Liu’s secondary theme is the necessity of science. On its own, this is no surprise in a science fiction novel, but China’s history presents a very different lens than the Western rationalism that pervades our SF dialog. The novel opens in the Cultural Revolution, with that particular orgy of anti-intellectualism setting the stage for the above mentioned desperation and hinting at what a completely anti-scientific society would be like. Two digressions: First, I don’t have my finger on the pulse of Chinese politics, but I am surprised that Liu could be so blatantly critical of the Cultural Revolution. We all know it was a catastrophe, but one has to tread carefully with criticism. I did note that he never condemned any leaders, least of all Mao, but I didn’t expect something so honest. Second, we Americans shake our heads sadly at the Cultural Revolution, but really need to be more vigilant. Of any developed nation, I think the US has the most open hostility to intellectuals. I doubt it will get out of hand, but it’s plenty bad enough already.
Anyway, back to science. One of the prominent bad guy groups specifically targets science, finding any way they can to discredit it in the eyes of the public. Their intention is to weaken humanity by driving them in more Luddite directions. The main character in the book finds himself targeted specifically because he is on the cutting edge of nanofiber development. It’s not all clear cut though. Many of the disenchanted are there precisely because they are smart enough to see what’s going on around them. Their own superior understanding of the world leads them to despair, and, eventually, betrayal. Things are very complicated.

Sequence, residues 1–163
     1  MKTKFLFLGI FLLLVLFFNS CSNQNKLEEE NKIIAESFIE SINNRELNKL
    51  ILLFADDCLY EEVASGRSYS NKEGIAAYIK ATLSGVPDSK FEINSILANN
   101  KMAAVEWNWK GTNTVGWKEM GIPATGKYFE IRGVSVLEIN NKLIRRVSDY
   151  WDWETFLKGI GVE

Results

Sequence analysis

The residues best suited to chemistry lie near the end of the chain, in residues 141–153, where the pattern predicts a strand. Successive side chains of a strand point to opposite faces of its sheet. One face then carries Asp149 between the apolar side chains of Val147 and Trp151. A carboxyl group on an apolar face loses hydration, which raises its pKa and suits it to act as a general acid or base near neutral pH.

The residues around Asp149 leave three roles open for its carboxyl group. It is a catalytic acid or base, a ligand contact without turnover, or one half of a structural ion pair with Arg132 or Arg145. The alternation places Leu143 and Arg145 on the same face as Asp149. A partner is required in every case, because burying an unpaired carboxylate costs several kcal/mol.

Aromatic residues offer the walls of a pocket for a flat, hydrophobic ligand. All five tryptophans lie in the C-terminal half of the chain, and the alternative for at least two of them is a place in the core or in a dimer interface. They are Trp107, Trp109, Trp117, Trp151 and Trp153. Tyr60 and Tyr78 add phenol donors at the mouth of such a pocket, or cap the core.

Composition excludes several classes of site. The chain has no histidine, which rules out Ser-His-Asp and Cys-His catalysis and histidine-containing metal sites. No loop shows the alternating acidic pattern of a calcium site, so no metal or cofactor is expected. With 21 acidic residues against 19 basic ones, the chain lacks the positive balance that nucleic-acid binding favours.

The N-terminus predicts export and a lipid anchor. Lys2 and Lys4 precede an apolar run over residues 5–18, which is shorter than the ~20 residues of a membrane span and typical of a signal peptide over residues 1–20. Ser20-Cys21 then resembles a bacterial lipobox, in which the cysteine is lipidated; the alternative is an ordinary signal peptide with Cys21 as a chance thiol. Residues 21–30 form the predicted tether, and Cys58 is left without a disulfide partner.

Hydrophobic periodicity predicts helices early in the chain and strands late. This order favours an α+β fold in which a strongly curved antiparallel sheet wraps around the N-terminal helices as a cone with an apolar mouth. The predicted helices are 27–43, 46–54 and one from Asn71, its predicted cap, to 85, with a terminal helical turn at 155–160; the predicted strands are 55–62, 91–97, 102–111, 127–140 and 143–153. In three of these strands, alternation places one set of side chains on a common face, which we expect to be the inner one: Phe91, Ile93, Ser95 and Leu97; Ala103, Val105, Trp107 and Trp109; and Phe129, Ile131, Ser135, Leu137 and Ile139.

Some highlights of Three Body: the online RPG that initially draws the protagonist into the conspiracy is mind-bending and almost worth a novel of its own. The Hard SF aspects of the novel are suitably crunchy, whether the eponymous math problem, the Three Body star system itself, or the ways the Chinese deal with SETI questions. Finally, the Chinese setting is everything that a reader could want from translated SF. The historical background and society wherein the characters operate is different enough to be exotic, but carefully explained and never bewildering. (Ken Liu’s footnotes are impeccable and never intrusive.) Three Body brings the new perspective that SF veterans look for in their books and the glimpse into another culture that international fiction can provide.
Three Body also tells a fascinating story that is clearly going places in the upcoming sequels. Even without the international appeal, this would be one of the premier Hard SF releases of 2014. I don’t know the exact rules for translations, but if eligible, this is going on my Hugo ballot and has rocketed into the top three or five books from 2014. Tor made a solid decision to publish Three Body and should be rewarded for it with all the sales and publicity we can give the book. If the community can make a big enough ruckus for Three Body to be a money maker, we may see a steady stream of translated SFF, and hopefully not just from Asia. Tor was brave enough to take the first step here, it’s up to us push things to the next level.